The House ended up adjourning for recess one day early last week over a disagreement on another issue, the Agricultural Appropriations Bill. Leadership had hoped to bring the bill to the floor before the recess but moderates and Freedom Caucus members remained at odds over spending cuts. House Majority Leader Steve Scalise downplayed the infighting saying, “There’s members that want to do deeper cuts. There’s other members who have been vocal that they won’t support the bill under deeper cuts. So, we’re still having some fun on negotiations.” Scalise indicated the House will take up the bill when they return in September, but did not specify any potential changes to placate either side. Democrats demanded a vote now, but simply do not have the votes.

Ohio, like six other states have done in 2022, is attempting to codify the right to abortion in the state constitution via a ballot measure. Reproductive rights activists have collected over 700,000 signatures, more than enough to get the initiative on November’s ballot, but have run into a new hurdle. Republicans have filed a ballot measure of their own that would require all new amendments receive 60% of the vote, an increase from the current simple majority. Also working against Democrats, the Republican measure will appear on the August 8th special election ballot and if passed, would apply to the abortion initiative in November. The issue has driven turnout for Democrats in places as unlikely as Kansas, but only two of the six states that passed abortion ballot initiatives cleared that 60% threshold.

Proud client moment…

Bethlehem Steel, once the epicenter of the steel industry, is now being transformed into a major hub for a new industry …sugar! Sucro Sourcing, an Ontario-based sugar refining company, has invested $35 million in facilities upgrades and repurposing equipment in order to ramp-up operations.

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Board Chairman Don Hill has said they have plans to expand production at the site, creating additional jobs for the surrounding communities and helping to revitalize a manufacturing corridor that has largely sat vacant. 


As we head into August, here’s something to consider before the summer gets away from us: Americans are taking off work and vacationing more than they have in over a decade. In some cases, their employers are forcing them to. In similar fashion, Monday Morning Memo will be on vacation the last two weeks of August, but returns on September 4th!


He ran Congressman Tom Suozzi’s successful re-election campaign in 2018, but is now aspiring to be an elected official of his own.

Grab your 🎧, as Jake Scheiner, candidate for the Nassau County Legislature, joins our Alec Lewis ‘From the Lobby with Jack O’Donnell’ to talk about his work with a pro-Israel political action committee, the issues he’s most passionate about & how he’s proving to voters he’s more than just lip service.

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Client News: Jamie Dimon Thanks Gary LaBarbera, 1,200+ Local Union Workers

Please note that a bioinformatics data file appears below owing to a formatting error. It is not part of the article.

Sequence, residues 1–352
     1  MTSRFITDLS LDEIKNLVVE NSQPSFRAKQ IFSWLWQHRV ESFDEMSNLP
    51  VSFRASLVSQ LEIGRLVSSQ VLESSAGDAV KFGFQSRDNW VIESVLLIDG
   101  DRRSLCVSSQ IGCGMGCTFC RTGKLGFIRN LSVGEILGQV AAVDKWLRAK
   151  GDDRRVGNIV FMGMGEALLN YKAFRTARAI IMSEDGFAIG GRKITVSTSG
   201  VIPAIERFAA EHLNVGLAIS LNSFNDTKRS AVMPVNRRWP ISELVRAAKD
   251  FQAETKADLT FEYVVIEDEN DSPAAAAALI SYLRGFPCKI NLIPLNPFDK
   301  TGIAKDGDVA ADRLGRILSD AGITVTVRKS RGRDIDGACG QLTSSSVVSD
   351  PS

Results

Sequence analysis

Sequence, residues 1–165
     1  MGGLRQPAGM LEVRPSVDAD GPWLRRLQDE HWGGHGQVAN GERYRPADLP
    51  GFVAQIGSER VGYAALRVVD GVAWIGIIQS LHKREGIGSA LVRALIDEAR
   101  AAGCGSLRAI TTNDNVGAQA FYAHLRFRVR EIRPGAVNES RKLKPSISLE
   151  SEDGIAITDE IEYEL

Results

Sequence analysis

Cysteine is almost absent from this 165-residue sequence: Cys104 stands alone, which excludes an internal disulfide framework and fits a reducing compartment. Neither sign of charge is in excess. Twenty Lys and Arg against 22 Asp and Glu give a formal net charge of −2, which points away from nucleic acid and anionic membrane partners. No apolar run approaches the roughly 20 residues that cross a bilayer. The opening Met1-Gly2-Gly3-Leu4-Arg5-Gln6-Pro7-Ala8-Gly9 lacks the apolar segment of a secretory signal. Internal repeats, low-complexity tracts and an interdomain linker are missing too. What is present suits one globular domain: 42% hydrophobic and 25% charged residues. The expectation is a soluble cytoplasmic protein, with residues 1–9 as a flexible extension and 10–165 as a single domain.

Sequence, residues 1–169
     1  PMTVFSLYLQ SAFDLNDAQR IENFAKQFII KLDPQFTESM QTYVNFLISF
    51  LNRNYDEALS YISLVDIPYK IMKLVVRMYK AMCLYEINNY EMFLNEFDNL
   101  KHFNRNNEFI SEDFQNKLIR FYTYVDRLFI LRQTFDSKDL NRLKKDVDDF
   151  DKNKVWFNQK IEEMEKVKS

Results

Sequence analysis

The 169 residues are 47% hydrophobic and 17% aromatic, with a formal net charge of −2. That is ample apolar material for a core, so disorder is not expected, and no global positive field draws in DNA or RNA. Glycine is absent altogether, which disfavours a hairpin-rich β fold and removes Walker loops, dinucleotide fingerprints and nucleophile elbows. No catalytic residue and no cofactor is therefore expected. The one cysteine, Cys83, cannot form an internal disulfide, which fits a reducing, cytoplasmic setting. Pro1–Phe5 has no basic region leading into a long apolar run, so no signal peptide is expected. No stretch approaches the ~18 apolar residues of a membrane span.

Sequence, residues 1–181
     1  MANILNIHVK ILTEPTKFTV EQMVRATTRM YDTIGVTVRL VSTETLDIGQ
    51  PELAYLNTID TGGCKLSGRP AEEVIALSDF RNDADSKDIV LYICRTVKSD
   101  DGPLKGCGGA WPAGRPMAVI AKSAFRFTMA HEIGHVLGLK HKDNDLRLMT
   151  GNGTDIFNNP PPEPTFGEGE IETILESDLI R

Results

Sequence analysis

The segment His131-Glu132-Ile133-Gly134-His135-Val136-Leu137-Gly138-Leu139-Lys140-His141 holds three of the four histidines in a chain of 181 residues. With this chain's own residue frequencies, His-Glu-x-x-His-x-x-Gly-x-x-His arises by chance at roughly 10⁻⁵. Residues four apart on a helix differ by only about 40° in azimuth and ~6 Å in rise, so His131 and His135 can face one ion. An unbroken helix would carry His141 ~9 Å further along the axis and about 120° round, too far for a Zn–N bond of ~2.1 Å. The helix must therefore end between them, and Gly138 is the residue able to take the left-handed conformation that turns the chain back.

As construction on JPMorgan Chase’s new headquarters building at 270 Park Avenue in Manhattan surpasses its halfway mark, JPMorgan Chase Chairman and CEO Jamie Dimon joined Gary LaBarbera, President of the Building and Construction Trades Council of Greater New York, to personally thank the more than 1,200 construction workers on site. [Read more.]

New To The NYS Legislature

Senator Jack Martins was elected to the NY Senate after defeating incumbent Anna Kaplan in the November election for District 7, representing the Glen Cove area of Nassau County.

He previously served in the Senate from 2011-2016, but stepped away for unsuccessful bids to become a member of Congress and Nassau County Executive.

As a returning NY Senator, Senator Martins’ priorities are addressing criminal justice reforms, limiting state spending, protecting the environment, ensuring that every child has access to a quality education, and removing barriers to small business success.

Prior to his first stint in the NY Senate, Senator Martins spent eight years as Mayor of the Village of Mineola, where he led a major downtown revitalization program.

Senator Martins currently lives in Old Westbury with his wife and 4 daughters. He holds a degree from American University and a Juris Doctor from St. John’s University School of Law.

Congratulations to OD&A’s Kara Hughes, Senior Adviser and Head of NYC Practice who has been named Who’s Who in Government Relations by City and State NY.

Hughes’ recent accomplishments include assisting our client, Pixis Drones, land a major role in NYC’s 50th anniversary celebration of hip hop, and she was instrumental in the reauthorization and expansion of the New York City school speed camera legislation home rule.

Kara is a government relations veteran with more than 20 years experience, including as an acting director of city legislative affairs for Mayor Bill de Blasio, director of economic development for U.S. Sen. Hillary Clinton and executive director of New Jobs for New York. Read more about Kara here.